• 0 replies
    • Theresa May survives, Second Canadian diplomat apprehended in China - EMEA Brief 13 Dec
      Prime Minister Theresa May won a vote of no confidence in her leadership of the Conservative party last night. The results showed that Mrs May won the vote by 200 to 117, securing 63% of the total votes, she is now immune from any further vote's of no confidence for a year.
      • 0 replies
    • What’s making headlines - APAC brief 13 Dec
      What’s making headlines: There’s an hour and a half to go in the US session and global equities are up. Let’s assume they finish that way – there is plenty of room for clarification (and rationalization) late-on, if need be. Traders have taken the new green shoots in the trade-war and spun them into a positive narrative. Sure, the old green shots lay trampled below the new ones, but perhaps this time around the positivity will be given a chance to thrive. The other story hogging headlines in the financial press is the vote motion UK Prime Minister May’s leadership of the Tories. Market confidence has been shaken by that development, but as we wake-up this morning, the balance of opinion seems to be suggesting that May will win the day.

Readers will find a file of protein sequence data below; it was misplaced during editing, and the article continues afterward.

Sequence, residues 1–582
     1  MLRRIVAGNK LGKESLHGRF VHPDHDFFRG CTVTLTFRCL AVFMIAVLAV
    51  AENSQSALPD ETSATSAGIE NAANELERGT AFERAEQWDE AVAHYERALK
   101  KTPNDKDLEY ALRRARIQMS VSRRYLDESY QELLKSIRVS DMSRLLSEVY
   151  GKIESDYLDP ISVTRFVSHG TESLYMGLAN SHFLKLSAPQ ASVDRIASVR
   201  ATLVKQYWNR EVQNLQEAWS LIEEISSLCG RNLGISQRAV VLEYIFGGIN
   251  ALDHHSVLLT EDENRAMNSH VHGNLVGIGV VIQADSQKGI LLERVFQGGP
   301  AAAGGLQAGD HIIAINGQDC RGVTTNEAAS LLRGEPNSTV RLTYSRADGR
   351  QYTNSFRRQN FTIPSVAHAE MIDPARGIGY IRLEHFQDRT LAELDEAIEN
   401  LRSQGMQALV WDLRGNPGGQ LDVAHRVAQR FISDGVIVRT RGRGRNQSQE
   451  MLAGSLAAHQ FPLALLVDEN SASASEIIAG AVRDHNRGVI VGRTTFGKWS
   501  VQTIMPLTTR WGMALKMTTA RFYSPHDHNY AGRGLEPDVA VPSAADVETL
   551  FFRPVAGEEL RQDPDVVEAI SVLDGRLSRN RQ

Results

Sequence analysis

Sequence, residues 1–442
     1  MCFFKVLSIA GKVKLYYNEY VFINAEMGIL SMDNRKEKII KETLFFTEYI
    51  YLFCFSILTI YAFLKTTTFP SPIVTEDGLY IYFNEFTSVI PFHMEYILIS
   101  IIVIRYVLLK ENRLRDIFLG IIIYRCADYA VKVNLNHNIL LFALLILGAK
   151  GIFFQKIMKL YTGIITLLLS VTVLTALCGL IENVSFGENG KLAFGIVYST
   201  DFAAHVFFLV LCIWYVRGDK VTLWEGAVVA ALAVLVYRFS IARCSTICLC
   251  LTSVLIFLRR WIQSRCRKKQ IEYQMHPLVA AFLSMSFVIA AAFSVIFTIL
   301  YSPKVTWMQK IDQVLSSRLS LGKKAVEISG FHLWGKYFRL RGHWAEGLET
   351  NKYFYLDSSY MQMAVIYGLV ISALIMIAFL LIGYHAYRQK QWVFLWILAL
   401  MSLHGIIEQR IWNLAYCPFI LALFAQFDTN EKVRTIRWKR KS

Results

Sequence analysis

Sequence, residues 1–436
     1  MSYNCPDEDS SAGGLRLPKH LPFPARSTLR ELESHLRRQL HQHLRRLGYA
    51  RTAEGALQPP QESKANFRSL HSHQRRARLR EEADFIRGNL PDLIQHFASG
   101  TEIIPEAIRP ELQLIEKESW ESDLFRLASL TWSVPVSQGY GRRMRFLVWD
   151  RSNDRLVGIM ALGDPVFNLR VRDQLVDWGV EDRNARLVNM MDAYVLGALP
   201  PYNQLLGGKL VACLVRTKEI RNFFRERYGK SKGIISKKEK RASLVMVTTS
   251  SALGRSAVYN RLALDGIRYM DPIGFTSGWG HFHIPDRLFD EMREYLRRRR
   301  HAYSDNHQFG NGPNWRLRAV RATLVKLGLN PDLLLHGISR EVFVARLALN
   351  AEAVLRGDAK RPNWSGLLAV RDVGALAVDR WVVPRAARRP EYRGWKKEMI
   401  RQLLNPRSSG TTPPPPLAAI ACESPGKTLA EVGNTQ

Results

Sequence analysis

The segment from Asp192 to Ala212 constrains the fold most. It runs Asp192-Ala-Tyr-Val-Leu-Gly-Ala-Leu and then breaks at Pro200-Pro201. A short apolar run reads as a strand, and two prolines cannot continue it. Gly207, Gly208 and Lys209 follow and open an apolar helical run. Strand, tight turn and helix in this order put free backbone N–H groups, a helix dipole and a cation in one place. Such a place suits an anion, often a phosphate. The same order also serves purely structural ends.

The data side-show: Politics is driving markets still, which is always dangerous – it’s often a distortionary influence on prices rather than a revealer of fundamental facts. However, the fundamental economic data that was handed to traders overnight supported their optimism. Arguably the most significant release for the week, US CPI figures delivered a bang-on forecast number. If you’re a bull, locked in an environment where there exists fear of a global economic slowdown on one side, and fears about higher global interest rates on the other, a moderate outcome to any data-release is welcomed. Fundamental data last night was light otherwise, with US crude oil inventories the next most important release. It overshot forecasts, but still showed shrinking supplies, which boosted oil prices and (at the very least) didn’t detract from the bullish sentiment.
      • 0 replies
×